Although tiny and still on the road to development, Phnom Penh is a well-visited tourist city in Southeast Asia known for its many unique, exotic and cultural tourist attractions. A popular spot for foreign tourists and expats is the 3-km long promenade called Sisowath Quay, situated along the river. It is one of the many reasons why bicycle touring in Phnom Penh is a wonderful way of seeing and experiencing the city.
Phnom Penh is located at the confluence of the Mekong, Bassac and Tonle Sap rivers. Most of the city’s main attractions are its historical structures near the river, and three of the most important riverside attractions are the Royal Palace, Independence Monument, and National Museum. Biking along the quay, one gets to see a number of restaurants, cafes, bakeries, bars, hotels, markets, shops and supermarkets, in addition to the historical sites.
While biking through several streets of this capital city is scenic and very cultural, traffic on the main roads is very hectic and chaotic. Cars, motorcycles and tuk-tuks rule the streets, often trying to beat traffic lights and other times ignoring them completely. Some major intersections, in fact, do not have traffic lights and are greatly in need of them. Some streets are narrow and the sidewalks are always crowded with vendors and shops. There are children and adults selling and begging for money or food. These may not be the sights a tourist hopes to see, but the experience is very real and significant. Alongside poverty, there are rows of first-class restaurants, hotels and shops.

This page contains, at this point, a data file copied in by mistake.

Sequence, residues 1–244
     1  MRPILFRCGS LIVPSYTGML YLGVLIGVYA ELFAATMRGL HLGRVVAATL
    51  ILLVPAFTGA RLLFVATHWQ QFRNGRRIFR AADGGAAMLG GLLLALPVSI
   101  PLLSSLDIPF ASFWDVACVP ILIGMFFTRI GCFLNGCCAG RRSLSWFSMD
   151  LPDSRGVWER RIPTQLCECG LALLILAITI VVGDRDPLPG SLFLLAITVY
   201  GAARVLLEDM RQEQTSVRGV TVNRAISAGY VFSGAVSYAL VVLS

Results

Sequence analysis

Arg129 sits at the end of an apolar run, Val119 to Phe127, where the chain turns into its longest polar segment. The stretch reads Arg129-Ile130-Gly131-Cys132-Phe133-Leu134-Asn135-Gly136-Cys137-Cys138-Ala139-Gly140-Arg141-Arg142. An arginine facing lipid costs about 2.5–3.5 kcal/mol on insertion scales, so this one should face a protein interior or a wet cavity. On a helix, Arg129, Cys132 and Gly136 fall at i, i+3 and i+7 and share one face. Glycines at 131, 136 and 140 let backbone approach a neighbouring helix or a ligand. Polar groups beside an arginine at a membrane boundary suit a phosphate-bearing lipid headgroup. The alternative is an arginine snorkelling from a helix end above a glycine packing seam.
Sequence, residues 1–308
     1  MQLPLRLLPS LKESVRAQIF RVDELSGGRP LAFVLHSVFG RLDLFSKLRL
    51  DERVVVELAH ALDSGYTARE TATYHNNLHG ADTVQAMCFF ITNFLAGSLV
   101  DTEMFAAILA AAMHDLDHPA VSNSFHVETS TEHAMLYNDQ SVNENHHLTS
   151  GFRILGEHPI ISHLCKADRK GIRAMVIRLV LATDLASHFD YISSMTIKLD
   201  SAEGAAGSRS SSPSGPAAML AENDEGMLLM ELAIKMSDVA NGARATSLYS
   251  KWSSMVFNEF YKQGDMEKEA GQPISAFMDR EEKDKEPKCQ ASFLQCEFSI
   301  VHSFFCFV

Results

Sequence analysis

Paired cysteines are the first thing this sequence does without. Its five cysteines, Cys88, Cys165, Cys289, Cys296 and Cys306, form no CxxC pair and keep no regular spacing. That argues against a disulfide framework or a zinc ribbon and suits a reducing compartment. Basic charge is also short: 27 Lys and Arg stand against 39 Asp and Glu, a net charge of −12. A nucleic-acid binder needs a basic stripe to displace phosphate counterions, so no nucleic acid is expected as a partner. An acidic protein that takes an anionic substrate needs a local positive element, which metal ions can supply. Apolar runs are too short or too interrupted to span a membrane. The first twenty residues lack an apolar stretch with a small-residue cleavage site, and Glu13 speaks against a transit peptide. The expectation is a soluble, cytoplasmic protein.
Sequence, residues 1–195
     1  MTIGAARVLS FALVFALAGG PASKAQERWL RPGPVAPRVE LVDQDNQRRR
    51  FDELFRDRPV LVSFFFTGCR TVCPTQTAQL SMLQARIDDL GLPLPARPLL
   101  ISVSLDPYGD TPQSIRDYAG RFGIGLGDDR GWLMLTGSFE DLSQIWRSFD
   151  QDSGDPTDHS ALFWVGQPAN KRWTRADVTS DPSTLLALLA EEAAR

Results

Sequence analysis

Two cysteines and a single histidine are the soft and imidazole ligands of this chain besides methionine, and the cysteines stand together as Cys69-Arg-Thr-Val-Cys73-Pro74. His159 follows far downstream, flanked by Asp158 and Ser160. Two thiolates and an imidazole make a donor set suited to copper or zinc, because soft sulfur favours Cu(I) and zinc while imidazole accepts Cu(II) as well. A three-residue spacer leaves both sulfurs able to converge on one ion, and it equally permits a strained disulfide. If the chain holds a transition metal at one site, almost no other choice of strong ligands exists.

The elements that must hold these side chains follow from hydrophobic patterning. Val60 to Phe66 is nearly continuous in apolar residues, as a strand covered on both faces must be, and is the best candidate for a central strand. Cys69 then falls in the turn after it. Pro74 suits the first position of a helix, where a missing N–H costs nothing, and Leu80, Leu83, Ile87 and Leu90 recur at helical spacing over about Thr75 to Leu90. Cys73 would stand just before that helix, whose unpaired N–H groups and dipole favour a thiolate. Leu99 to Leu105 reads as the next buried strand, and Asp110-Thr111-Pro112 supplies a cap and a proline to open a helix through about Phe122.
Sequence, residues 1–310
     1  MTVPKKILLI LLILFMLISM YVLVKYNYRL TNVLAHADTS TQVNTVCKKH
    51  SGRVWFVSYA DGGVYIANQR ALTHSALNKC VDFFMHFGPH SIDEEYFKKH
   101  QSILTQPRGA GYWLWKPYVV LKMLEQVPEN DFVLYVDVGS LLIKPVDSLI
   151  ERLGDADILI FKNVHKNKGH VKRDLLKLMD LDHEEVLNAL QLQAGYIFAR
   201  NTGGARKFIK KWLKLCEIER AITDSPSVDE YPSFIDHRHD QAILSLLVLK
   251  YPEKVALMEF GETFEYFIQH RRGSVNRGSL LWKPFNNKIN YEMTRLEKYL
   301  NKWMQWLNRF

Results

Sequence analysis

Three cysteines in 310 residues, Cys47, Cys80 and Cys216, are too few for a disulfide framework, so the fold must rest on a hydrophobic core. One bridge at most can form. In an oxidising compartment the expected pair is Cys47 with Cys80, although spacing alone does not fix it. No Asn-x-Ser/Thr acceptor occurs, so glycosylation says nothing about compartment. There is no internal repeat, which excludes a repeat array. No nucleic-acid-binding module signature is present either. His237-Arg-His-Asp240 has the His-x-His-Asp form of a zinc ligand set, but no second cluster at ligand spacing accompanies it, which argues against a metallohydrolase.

Before beginning the bicycle tour to important attractions, bikers might want to pass by the bicycle shop on Street 302. An extremely important site is about 15 kilometers away, which is why it is necessary to fine-tune the bicycle before making the tour. The Killing Fields in Choeung Ek are a must-see whether on a bicycle or not. It is such a significant site that you could even walk all the way if you must.
The Killing Fields are a gruesome reminder of the bloody Khmer Rouge regime from 1975-1979. Approximately 20,000 innocent Cambodians were executed here and buried in shallow graves. Only after the inhumane regime ended that the field was discovered and was made known around the world by the Cambodian journalist Dith Pran and his 1984 movie, “The Killing Fields”.
The road leading to Choeung Ek is an easy 15-km bike ride on a flat road and very picturesque. The route begins at Charles de Gaulle, to Monireth, through the SOKIMEX gas station, and 5 more kilometers towards the Killing Fields. After SOKIMEX, traffic is light and biking is easy. Entrance to the field is US$2.00.
Bicycle touring in Phnom Penh is definitely the most scenic, laid back and eco-friendly way of seeing this promising Southeast Asian city. For tourists that are really up to the challenge, other worthwhile destinations outside the capital city are the beautiful riverside city of Battambang, casino city Poipet and the white-sand beaches of Sihanoukville. There are also several packages offering a guided bicycle tour to Laos and Vietnam.